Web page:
Tag Archives: 3d printing

Vaccine-coated, 3D-printed patches may soon replace a syringe near you

Do you hate needles, but still want to get vaccinated? Researchers at Stanford University and the University of North Carolina at Chapel Hill have got your back. They developed a new, 3D-printed patch that can get you immunized without any jab.

Design and environmental scanning electron microscope (ESEM) images of the microneedles. (E) is a fluorescence image of the patch in (D). Image credits Cassie Caudill et al., (2021), PNAS.

The patch works even better than a traditional vaccine, its designers explain, as it delivers the compound directly into the skin — which is full of immune cells that respond to it. The resulting immune response is around 10 times greater than that produced by injection through a needle into muscle tissue. However, these findings, for now, should be taken with a pinch of salt; they were obtained from a study conducted with animals, not humans.

Performance patch

“In developing this technology, we hope to set the foundation for even more rapid global development of vaccines, at lower doses, in a pain- and anxiety-free manner,” said lead study author and 3D printing entrepreneur Joseph M. DeSimone, professor of translational medicine and chemical engineering at Stanford University and professor emeritus at UNC-Chapel Hill.

To be fair, it isn’t the patch itself that does the job, but rows upon rows of microneedles coated in vaccine on its underside. These are lined up and, individually, they’re barely long enough to reach the skin, where they dissolve, releasing the vaccine.

One of the main selling points of this technology, in the eyes of the authors, is the ease of use and transportability. For patients, it’s likely that the painlessness of this over other delivery methods will be its most attractive trait, as will the fact that they can administer the patches to themselves without any type of risk.

Application of this patch led to a significant antibody response in lab animals. According to the team, this response was 50 times greater than what would be produced by a direct injection under the skin. This increased response could lead to dose sparing — essentially, immunizing a larger crowd of people on the same quantity of vaccine — as each patch uses a smaller dose to produce the same response as delivery via syringe.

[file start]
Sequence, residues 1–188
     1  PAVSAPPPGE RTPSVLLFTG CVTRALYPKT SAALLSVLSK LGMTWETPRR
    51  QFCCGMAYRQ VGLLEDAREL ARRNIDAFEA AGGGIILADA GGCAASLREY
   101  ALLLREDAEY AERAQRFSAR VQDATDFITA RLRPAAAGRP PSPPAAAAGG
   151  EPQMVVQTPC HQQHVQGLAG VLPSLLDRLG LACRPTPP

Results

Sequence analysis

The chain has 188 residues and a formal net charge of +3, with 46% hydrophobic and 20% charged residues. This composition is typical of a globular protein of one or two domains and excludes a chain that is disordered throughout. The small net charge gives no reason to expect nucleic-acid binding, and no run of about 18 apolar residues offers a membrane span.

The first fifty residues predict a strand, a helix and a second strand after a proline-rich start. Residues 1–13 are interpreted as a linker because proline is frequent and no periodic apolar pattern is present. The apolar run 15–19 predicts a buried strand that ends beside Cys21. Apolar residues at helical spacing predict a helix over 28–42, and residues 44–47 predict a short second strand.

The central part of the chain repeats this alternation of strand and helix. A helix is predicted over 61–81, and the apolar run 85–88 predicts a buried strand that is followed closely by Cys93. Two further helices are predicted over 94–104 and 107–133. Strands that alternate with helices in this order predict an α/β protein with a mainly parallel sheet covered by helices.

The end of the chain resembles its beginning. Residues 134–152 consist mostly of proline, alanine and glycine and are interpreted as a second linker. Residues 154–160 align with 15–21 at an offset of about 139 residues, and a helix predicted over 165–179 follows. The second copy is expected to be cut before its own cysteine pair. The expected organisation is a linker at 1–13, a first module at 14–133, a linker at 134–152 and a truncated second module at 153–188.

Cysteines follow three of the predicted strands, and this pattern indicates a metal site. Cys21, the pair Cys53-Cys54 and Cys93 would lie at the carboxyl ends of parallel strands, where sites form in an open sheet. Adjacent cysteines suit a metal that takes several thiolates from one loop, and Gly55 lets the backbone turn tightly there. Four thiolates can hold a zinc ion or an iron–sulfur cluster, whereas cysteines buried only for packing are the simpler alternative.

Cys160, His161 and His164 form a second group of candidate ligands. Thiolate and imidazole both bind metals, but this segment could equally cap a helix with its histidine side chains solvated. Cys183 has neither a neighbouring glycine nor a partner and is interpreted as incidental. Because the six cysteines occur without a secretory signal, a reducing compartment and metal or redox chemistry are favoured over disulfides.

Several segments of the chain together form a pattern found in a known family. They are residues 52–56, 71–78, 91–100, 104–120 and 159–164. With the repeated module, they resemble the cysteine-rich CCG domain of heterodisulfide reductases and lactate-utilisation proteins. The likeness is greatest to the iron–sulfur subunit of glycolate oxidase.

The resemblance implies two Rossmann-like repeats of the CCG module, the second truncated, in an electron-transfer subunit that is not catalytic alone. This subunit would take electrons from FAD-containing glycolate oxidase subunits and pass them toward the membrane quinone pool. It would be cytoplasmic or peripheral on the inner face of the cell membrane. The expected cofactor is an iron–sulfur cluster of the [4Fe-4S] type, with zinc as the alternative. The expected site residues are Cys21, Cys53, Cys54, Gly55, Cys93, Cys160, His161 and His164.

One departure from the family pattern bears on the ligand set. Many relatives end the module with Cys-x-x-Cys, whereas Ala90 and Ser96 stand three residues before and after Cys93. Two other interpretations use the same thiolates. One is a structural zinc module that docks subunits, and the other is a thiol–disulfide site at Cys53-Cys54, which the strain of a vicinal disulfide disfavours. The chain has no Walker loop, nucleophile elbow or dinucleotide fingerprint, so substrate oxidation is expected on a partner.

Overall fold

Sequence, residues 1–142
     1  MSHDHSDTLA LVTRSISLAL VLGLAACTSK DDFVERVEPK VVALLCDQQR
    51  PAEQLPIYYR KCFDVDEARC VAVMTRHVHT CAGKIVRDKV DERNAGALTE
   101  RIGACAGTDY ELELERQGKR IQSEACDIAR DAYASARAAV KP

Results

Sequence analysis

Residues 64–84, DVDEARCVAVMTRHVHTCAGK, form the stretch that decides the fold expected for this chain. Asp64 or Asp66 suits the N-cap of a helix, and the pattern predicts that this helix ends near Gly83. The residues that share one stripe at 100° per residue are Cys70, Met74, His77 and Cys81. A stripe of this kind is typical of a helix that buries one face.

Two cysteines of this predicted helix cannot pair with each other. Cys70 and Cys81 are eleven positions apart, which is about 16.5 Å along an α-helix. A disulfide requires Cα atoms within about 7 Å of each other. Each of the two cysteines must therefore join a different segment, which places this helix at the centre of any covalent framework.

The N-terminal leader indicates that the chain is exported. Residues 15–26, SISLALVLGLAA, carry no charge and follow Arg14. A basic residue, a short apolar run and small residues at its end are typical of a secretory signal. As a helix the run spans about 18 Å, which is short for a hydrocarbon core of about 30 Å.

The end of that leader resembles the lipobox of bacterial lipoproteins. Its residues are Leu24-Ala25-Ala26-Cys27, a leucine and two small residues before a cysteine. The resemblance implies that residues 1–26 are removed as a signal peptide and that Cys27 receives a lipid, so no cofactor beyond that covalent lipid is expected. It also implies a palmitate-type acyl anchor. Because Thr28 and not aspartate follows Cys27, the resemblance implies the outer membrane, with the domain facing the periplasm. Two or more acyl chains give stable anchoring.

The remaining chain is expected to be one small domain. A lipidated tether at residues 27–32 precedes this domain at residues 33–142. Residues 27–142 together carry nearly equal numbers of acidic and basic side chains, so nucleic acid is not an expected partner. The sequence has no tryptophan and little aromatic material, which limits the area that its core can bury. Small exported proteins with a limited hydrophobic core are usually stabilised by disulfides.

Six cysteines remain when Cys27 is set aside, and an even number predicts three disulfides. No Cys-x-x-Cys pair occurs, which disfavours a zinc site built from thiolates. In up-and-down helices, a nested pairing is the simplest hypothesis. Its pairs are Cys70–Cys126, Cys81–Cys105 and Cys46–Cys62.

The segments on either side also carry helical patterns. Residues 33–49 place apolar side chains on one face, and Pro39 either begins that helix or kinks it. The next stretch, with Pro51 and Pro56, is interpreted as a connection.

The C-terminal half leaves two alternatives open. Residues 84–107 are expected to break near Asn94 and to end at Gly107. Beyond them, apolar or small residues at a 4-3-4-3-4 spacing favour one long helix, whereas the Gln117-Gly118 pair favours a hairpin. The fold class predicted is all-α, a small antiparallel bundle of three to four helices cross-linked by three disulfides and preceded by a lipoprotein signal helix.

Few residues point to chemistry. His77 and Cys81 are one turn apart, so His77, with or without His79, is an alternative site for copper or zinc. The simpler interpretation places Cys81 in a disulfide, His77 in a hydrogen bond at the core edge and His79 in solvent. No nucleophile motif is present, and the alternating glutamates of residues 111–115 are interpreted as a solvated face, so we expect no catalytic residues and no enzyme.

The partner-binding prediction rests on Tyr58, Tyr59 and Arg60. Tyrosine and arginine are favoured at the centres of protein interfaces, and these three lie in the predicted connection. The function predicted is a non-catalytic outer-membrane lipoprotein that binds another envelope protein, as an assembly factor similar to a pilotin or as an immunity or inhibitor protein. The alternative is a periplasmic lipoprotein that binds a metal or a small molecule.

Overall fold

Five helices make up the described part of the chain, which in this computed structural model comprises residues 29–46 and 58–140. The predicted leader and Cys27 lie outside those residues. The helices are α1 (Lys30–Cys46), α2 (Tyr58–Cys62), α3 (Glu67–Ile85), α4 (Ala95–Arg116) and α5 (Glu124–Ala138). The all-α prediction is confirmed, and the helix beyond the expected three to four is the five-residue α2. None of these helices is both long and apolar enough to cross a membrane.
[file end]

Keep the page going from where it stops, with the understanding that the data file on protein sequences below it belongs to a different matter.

The concept of microneedles has been of interest to the scientific community for quite some time now, but they never really caught on due to difficulties in customizing them for different vaccines. Although 3D printing has given the authors a way to break through past limitations, it’s generally a challenge to adapt microneedles to different vaccine types:

“These issues, coupled with manufacturing challenges, have arguably held back the field of microneedles for vaccine delivery,” said lead study author Shaomin Tian, a researcher in the Department of Microbiology and Immunology in the UNC School of Medicine. “Our approach allows us to directly 3D print the microneedles which gives us lots of design latitude for making the best microneedles from a performance and cost point-of-view.”

Instead of relying on the traditional approach of creating a mold and then casting the microneedles, the team prints each one out individually. This was carried out at the University of North Carolina at Chapel Hill using a CLIP prototype 3D printer that DeSimone invented and is produced by CARBON, a Silicon Valley company he co-founded.

Although the quick development of a vaccine remains a key aspect of fighting against a pandemic, our experiences this last year have shown that logistical factors remain an important component limiting our ability to react. This process seems simple — go to a hospital, have someone retrieve a vaccine from a freezer, draw it into a syringe, and administer the shot — but it still poses quite some hurdles from a mass-vaccination standpoint.

For starters, such an approach simply cannot work in areas that lack cold storage, or where there aren’t enough trained professionals to perform the vaccinations. Getting a shot this way also involves going to a hospital or clinic, something not everybody is able or willing to do.

These patches, the team explains, can be delivered anywhere in the world without any special requirements for storage or transportation. They can be applied easily and safely at home without the presence of any trained individuals. This, by itself, could also help boost vaccination rates, the team adds.

“One of the biggest lessons we’ve learned during the pandemic is that innovation in science and technology can make or break a global response,” DeSimone said. “Thankfully we have biotech and health care workers pushing the envelope for us all.”